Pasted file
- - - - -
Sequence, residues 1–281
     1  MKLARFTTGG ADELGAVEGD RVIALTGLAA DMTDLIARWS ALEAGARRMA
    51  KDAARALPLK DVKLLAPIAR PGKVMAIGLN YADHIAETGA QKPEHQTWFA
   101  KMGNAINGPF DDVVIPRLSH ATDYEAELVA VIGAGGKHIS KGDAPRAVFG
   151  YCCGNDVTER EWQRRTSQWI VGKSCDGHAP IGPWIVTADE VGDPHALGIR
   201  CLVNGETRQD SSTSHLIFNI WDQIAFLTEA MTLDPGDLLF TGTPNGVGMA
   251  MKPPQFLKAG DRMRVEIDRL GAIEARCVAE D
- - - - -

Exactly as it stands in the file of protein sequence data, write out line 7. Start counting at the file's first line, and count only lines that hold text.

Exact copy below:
   251  MKPPQFLKAG DRMRVEIDRL GAIEARCVAE D